The problem with attempting to blend police drama and science fiction is similar to blending detective stories and historical fiction: the investigation illustrates the setting. In fact, setting is extremely important in detective fiction, from Agatha Christie’s manors and villages to Arthur Conan Doyle’s Victorian setting, to Raymond Chandler’s Los Angeles. Each of these authors lived in their settings, however, and so they commented upon them in their own way. The better comparison would be shows/novels such as Cadfael, John Maddox Roberts’ SPQR, Steven Saylor’s Gordianus the Finder, or Umberto Eco’s The Name of the Rose. The point of the comparison is that crimes are always the same, committed out of universal human tendencies which disrupt the desired order of society. The investigation in historical mysteries, then, serves to illustrate not crime per se, but the society in which the crime is committed. It comments on the attitudes, conventions, and narratives of the historical period. Even Christie, Doyle, and Chandler do this, and they were writing about their contemporary society.

Rudy Lom goes undercover in a stylish suit and fedora.
Rudy Lom Investigates!

Almost Human, being set in the future, must use crime to add to the setting. It must project a society from ours and use the mysteries and investigations to explore that society. Thus, the investigation is rooted in world building. And one problem with movies and television with regard to science fiction and world building is that they occasionally rely too heavily on special effects and not enough on writing. In the five episodes I viewed for this evaluation, only one really works to merge investigation and world building: “Skin,” which explores robot prostitution. It works within the “almost human” theme of the show, commenting that even robot prostitutes are not really human, and thus humans are abducted and killed as a future-type skin grafting trade occurs. As horrific as this sounds, it is a compelling piece of world building. But no other episode in these five really works with the strength of “Skin.” Instead, they just seem to transplant contemporary crimes into a future society and develop technologies for the story which help the criminals to commit the crimes. It is like saying that in a hypothetical historical mystery, the assassin uses a bow instead of a gun. There is nothing inherently interesting in the difference. What I want to know instead is how the bow reflects the society, how the gun reflects the society. Those are the bigger ideas which lurk behind great detective fiction. This is the area that I don’t feel Almost Human has yet mastered because it has a society which hasn’t been developed beyond generic sci-fi city. I think there is an arc lurking in the background somewhere, but they are slow in revealing it, focusing instead on character development (which isn’t a bad thing, necessarily), but the characters seem to be underdeveloped. Much as I love Mackenzie Crook’s performance in “The Bends,” I think the performance brought more to the episode than the script. He is still just tech nerd. Detective Stahl (Minka Kelly) is still just attractive love interest. Detective Paul (Michael Irby) is still just rival cop. Captain Maldonado (Lili Taylor) has had a decent character episode, but the investigation didn’t really complement it. John Kennex (Karl Urban) and Dorian (Michael Ealy), however, are very well played and fun to watch.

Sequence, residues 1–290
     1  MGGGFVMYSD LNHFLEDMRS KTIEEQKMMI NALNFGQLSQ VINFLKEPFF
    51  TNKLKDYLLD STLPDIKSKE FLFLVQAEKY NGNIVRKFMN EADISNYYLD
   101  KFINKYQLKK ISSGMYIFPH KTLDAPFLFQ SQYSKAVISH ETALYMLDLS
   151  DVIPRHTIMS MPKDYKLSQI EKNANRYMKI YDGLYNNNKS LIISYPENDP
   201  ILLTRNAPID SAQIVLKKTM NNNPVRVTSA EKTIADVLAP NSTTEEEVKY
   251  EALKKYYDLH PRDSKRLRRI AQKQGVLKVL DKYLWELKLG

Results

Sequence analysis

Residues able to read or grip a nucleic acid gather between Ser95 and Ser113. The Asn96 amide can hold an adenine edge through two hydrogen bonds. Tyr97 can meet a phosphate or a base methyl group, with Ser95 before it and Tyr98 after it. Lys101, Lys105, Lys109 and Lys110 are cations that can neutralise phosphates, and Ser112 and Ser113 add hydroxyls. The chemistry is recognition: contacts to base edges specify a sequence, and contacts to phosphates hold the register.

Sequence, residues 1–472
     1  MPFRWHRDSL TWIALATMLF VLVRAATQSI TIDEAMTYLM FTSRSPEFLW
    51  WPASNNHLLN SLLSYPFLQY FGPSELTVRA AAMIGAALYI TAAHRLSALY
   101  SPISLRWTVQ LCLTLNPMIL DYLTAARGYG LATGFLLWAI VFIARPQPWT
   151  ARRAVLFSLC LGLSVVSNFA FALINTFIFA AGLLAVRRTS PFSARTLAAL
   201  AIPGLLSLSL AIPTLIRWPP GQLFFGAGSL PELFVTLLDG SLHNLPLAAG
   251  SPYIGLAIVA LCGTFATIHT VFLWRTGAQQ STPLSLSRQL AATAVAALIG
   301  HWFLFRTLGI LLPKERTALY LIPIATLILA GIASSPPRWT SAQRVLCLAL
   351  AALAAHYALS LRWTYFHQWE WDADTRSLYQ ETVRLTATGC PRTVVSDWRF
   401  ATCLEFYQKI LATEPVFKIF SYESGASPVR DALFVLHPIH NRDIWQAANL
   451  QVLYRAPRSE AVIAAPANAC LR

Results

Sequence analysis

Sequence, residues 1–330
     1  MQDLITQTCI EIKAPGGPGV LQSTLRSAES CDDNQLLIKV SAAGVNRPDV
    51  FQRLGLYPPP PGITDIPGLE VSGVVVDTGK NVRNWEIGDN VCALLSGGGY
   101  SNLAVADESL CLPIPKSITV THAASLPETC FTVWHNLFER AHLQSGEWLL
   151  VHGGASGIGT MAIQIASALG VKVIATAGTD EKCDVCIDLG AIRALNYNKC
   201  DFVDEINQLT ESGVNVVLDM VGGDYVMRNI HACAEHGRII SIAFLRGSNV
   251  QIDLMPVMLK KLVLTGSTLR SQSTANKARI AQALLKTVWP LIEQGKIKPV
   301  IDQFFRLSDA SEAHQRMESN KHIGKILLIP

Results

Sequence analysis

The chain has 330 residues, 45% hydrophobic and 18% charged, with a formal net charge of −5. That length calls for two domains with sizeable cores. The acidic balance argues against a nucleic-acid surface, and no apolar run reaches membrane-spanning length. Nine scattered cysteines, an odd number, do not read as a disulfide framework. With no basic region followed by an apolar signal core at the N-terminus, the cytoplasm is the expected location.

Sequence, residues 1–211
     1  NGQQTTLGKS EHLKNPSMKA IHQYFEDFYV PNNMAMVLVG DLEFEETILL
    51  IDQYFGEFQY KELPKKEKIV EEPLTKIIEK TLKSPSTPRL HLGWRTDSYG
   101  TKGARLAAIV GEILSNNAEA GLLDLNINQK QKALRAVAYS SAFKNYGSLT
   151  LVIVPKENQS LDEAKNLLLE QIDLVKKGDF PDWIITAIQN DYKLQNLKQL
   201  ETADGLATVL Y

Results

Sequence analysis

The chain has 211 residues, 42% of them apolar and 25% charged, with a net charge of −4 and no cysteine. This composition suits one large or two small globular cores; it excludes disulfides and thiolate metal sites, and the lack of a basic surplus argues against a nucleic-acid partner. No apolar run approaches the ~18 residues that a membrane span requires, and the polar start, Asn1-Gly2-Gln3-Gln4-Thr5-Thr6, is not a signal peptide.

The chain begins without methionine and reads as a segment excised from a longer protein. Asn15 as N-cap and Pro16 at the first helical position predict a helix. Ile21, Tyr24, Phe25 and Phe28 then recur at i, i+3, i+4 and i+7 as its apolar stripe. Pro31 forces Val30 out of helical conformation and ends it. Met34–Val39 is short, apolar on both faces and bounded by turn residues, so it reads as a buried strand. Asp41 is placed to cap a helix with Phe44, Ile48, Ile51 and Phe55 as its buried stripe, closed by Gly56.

Maybe the lack of focus in these early episodes represents the two visions before Shankar left the show. Maybe the show will find its footing in the next few episodes and begin to reach its potential by the middle of the season. I hope it does. The show could be a lot of fun; it just needs to figure out exactly what it is about and what it is trying to say.

Forge Ahead?

I may give the show another five episodes as time permits. If you love buddy cop banter, by all means watch this show. It is a lot of fun from that perspective. At the moment, however, I think that is all the show really has working for it.